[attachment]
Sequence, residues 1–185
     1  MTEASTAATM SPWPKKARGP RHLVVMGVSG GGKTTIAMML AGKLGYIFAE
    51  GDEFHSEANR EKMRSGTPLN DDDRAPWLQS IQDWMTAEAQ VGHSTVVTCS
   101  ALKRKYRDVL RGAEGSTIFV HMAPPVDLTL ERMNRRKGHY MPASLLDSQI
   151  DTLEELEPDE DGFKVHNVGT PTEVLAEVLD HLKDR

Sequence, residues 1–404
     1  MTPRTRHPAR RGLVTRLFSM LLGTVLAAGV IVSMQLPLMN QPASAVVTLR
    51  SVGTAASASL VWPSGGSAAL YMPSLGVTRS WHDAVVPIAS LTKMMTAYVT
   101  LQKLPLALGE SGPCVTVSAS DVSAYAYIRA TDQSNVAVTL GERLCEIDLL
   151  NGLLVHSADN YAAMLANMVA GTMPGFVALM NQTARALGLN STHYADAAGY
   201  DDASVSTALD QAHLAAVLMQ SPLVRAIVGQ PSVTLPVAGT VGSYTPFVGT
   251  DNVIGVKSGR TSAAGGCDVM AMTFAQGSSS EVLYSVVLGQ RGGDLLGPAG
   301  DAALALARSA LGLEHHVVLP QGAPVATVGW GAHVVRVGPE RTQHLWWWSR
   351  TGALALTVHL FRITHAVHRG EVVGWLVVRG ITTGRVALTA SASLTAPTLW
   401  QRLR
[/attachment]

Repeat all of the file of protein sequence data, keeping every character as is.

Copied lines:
Sequence, residues 1–185
     1  MTEASTAATM SPWPKKARGP RHLVVMGVSG GGKTTIAMML AGKLGYIFAE
    51  GDEFHSEANR EKMRSGTPLN DDDRAPWLQS IQDWMTAEAQ VGHSTVVTCS
   101  ALKRKYRDVL RGAEGSTIFV HMAPPVDLTL ERMNRRKGHY MPASLLDSQI
   151  DTLEELEPDE DGFKVHNVGT PTEVLAEVLD HLKDR

Sequence, residues 1–404
     1  MTPRTRHPAR RGLVTRLFSM LLGTVLAAGV IVSMQLPLMN QPASAVVTLR
    51  SVGTAASASL VWPSGGSAAL YMPSLGVTRS WHDAVVPIAS LTKMMTAYVT
   101  LQKLPLALGE SGPCVTVSAS DVSAYAYIRA TDQSNVAVTL GERLCEIDLL
   151  NGLLVHSADN YAAMLANMVA GTMPGFVALM NQTARALGLN STHYADAAGY
   201  DDASVSTALD QAHLAAVLMQ SPLVRAIVGQ PSVTLPVAGT VGSYTPFVGT
   251  DNVIGVKSGR TSAAGGCDVM AMTFAQGSSS EVLYSVVLGQ RGGDLLGPAG
   301  DAALALARSA LGLEHHVVLP QGAPVATVGW GAHVVRVGPE RTQHLWWWSR
   351  TGALALTVHL FRITHAVHRG EVVGWLVVRG ITTGRVALTA SASLTAPTLW
   401  QRLR